Entering its 30th year, the Ashland Tree of the Year contest is a quiet and fun event that costs nothing, invites public voting and does the service of canonizing privately owned trees that are usually big, old and beautiful, and often historic, so that residents will be encouraged to admire them and help their own trees become old and venerable.

Through Wednesday, Feb. 28, you can vote for one of seven citizen-nominated trees at http://gis.ashland.or.us/treeofyear2018/. On the site, you can peruse each one, zoom in for a close-up, see the number of votes so far, and find the address and go look at it. The winner will be announced at the March 8 meeting of the city’s Tree Commission, in time for Arbor Week.

The leader so far is the modest-looking fig tree at 566 Fairview St. with 37 votes, almost as many as all the other trees combined. The blurb says it’s more than 100 years old, got split many years ago, is a “survivor” and produces bountiful figs.

Tree Commission member Asa Cates says proud owners sometimes call friends and neighbors to vote for their tree, often accounting for one nominee leaping ahead of the pack.

“In this case, there was a much larger fig tree nominated, but the Planning Department wouldn’t let it be on the ballot because it’s on public land; however, many winners in the past were public and that didn’t keep them off the ballot,” said Cates.

The rules of the contest say trees must be on private land because trees on public land have the advantage of professional landscapers pruning and watering them, says historian and former Tree Commission member Maureen Battistella.

Those rules are bent on occasion. One public tree, a big silver maple on the Southern Oregon University campus, was named 2014 Tree of the Year, helping a groundswell of support that spared it when new dorms were built between Wightman and Walker streets.

A Tree of the Year designation gives a sacrosanct aura to a tree, but doesn’t mean it can’t be cut down. The 2013 winner, a cottonwood on lower Clay Street, was targeted for removal to make way for affordable housing. But riled-up city residents staged protests and it survived.

“The point of the contest is to raise awareness of the role of trees in our community,” says Tree Commission member Christopher John. “A lot of people recognize beautiful trees and have an emotional attachment to them, but we should keep in mind that gives them no extra level of protection. It’s just a fun thing to raise awareness of big, healthy trees."

Winners usually have some history behind them and often are “specimen trees,” meaning they exhibit the best qualities of that species, says Tree Commission member Mike Oxendine, SOU staff arborist.

In addition to the fig tree on Fairview Street, other trees on the ballot — and nominating comments — this year are:

Black oak, 875 Oak St. More than 300 years old. “Epitomizes the natural and cultural history of the oak.” Has 13 votes.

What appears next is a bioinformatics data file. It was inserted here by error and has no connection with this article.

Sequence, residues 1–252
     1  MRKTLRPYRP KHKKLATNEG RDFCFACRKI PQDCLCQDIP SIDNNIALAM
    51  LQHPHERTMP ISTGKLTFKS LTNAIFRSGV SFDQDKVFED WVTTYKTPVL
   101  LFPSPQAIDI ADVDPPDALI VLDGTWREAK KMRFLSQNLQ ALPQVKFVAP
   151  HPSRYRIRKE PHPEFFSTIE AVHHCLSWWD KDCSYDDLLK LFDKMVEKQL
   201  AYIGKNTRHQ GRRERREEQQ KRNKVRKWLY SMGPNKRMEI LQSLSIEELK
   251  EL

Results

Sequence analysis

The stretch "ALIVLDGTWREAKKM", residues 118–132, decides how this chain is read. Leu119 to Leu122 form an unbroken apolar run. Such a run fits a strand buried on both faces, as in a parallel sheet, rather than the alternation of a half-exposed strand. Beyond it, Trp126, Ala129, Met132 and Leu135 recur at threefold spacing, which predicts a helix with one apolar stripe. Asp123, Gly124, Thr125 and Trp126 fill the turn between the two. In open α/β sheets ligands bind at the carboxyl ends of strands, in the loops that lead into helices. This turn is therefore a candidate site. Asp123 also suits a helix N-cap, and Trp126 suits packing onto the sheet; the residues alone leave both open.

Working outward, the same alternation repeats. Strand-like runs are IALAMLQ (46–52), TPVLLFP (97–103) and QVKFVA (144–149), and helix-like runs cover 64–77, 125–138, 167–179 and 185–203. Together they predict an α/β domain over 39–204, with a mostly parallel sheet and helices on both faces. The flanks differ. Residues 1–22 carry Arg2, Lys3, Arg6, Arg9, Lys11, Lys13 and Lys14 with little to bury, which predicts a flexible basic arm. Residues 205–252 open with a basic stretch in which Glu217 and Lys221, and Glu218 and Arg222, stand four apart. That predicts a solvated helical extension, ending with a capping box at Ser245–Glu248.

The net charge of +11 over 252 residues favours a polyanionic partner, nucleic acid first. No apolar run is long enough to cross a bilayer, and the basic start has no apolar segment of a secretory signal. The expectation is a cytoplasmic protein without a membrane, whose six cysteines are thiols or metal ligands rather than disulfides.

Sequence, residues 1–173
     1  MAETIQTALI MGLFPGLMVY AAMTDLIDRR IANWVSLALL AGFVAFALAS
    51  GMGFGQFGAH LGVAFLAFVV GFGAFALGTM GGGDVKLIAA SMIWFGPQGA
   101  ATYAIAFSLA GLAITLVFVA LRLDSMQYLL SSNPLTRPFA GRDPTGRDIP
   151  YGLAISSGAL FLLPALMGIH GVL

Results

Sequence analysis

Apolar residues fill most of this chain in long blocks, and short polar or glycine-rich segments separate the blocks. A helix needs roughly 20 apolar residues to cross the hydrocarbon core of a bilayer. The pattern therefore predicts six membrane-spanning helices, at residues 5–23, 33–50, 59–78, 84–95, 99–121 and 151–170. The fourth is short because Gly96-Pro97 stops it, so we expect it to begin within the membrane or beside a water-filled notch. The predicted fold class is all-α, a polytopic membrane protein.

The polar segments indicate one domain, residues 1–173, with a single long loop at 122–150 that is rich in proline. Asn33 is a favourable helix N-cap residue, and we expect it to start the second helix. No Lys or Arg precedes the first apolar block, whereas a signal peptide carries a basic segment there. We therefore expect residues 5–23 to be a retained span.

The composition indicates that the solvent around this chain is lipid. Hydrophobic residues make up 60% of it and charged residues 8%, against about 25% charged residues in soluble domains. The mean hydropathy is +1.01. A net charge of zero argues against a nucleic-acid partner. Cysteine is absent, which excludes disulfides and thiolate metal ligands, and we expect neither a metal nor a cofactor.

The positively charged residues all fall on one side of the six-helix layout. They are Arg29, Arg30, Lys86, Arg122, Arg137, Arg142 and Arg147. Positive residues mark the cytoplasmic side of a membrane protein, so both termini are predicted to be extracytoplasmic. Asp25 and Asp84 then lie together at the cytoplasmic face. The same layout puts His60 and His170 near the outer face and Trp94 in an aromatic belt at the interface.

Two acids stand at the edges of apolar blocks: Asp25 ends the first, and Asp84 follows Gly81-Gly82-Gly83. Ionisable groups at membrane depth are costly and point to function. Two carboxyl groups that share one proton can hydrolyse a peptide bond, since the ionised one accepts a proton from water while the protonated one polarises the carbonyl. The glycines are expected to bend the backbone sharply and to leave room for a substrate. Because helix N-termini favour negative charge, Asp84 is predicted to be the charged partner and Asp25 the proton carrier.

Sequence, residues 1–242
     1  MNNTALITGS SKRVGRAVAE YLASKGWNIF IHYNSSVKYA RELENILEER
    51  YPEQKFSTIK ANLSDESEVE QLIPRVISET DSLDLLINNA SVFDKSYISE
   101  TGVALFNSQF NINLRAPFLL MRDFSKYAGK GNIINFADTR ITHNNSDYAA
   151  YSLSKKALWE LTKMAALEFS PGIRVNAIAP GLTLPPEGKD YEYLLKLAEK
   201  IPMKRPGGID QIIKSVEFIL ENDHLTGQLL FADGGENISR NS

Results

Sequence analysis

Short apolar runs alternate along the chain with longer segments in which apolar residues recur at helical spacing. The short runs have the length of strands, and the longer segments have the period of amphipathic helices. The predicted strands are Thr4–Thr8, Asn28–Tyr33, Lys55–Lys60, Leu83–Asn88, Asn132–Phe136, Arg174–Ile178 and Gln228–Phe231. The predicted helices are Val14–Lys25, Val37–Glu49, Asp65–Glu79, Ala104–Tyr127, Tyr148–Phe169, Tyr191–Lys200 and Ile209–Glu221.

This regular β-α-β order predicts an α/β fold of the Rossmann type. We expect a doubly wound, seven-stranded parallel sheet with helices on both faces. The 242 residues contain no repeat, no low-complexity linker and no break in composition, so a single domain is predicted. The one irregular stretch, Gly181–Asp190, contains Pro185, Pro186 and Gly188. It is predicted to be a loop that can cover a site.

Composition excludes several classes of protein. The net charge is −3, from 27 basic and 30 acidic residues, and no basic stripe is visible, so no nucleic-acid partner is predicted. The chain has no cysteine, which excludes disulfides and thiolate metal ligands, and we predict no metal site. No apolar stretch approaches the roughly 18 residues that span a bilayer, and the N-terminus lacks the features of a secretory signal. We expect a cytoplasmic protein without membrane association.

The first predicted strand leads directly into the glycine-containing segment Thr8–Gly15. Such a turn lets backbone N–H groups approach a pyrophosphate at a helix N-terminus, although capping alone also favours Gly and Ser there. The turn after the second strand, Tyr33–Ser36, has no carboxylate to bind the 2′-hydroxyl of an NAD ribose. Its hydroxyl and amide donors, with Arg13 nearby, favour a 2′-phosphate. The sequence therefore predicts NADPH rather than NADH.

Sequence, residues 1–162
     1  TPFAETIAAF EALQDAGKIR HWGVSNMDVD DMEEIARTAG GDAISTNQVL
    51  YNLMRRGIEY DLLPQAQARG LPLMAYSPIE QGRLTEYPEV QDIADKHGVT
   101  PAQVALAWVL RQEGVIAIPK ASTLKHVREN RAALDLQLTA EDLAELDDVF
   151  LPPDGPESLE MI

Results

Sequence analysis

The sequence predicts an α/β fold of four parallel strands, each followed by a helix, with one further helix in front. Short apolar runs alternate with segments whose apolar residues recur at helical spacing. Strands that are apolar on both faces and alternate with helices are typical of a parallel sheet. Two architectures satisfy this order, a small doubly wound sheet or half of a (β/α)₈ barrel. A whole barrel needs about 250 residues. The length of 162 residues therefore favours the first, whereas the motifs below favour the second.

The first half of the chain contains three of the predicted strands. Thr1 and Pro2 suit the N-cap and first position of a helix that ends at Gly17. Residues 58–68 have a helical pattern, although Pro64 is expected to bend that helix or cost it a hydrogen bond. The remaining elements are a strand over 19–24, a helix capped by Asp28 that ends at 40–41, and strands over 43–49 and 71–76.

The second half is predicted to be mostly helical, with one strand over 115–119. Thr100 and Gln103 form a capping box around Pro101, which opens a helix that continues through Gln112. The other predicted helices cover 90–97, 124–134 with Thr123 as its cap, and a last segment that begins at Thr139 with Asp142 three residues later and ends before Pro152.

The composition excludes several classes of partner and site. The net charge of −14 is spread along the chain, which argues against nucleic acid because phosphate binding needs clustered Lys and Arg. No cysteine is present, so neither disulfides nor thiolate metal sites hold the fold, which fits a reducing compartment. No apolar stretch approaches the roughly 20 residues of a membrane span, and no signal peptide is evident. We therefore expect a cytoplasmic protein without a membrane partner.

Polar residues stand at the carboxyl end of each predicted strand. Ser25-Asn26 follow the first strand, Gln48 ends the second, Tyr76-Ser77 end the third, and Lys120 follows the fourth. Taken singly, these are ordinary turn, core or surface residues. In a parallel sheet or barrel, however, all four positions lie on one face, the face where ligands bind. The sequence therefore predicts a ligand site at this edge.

Oak, just east of Clay Street Park. “Beautiful. Kept from days when the property was a work site … has a chain grown into upper branch where it helped hoist equipment. It gives majesty to apartment complex for subsidized housing of elders and low income families.” Has 8 votes.
Italian cypress, northeast corner of Siskiyou Boulevard and Mountain Avenue. “I'm nominating this beautiful and health legacy tree, as old as my father at least, because I understand a developer intends to cut it down to make a parking lot. So many birds.”
Dogwood, 77 Granite St. “ It's the biggest and most beautiful dogwood tree I think I have ever seen! It has really pretty pink flowers in the spring and it is just so full and uniform. I love it!” Has 6 votes.
Mulberry, 664 Ray Lane. “I think this is a specimen tree — beautiful, symmetrical shape of canopy. Full color is superb! Mature and fits its setting.” Has 5 votes.
Tree of heaven, 147 Nutley, at Scenic. “It hosts a monstrous formation of English ivy (with a root 6" in diameter) that conceals its brittle branches and blocks the sunlight. This could serve as a replacement for the Ailanthus (tree of heaven, the 1989 Tree of the Year) that was removed from the plaza in 2006.” Has 2 votes.

As a guideline for future nominations, Battistella says the ideal is the Osage orange tree, planted by noted pioneer Abel Helman in the front of his still-standing house at the corner of Helman and Orange streets.

“I would love the Tree of the Year to have heritage,” says Battistella. “It’s a remarkable significant tree, marking the founding of Ashland and pioneers who became wealthy. There’s a photo of him standing in front of his house with it, when it was a sapling.”

The Tree of the Year contest started in 1988 with honoring of the giant, spreading Monterey cypress in front of the old Briscoe Elementary School at the corner of Laurel and North Main Streets. The list of winners is at https://www.ashland.or.us/Page.asp?NavID=11718.

The Tree Commission also hopes to create a Tree Professional of the Year contest, says Associate Planner Derek Severson, to honor those who protect trees, such as Lomakatsi Restoration Project.

In addition to the website voting, votes may be emailed to nathan.emerson@ashland.or.us or by mail to 20 E. Main St., Ashland, OR 97520.

— John Darling is an Ashland freelance writer. Reach him at jdarling@jeffnet.org.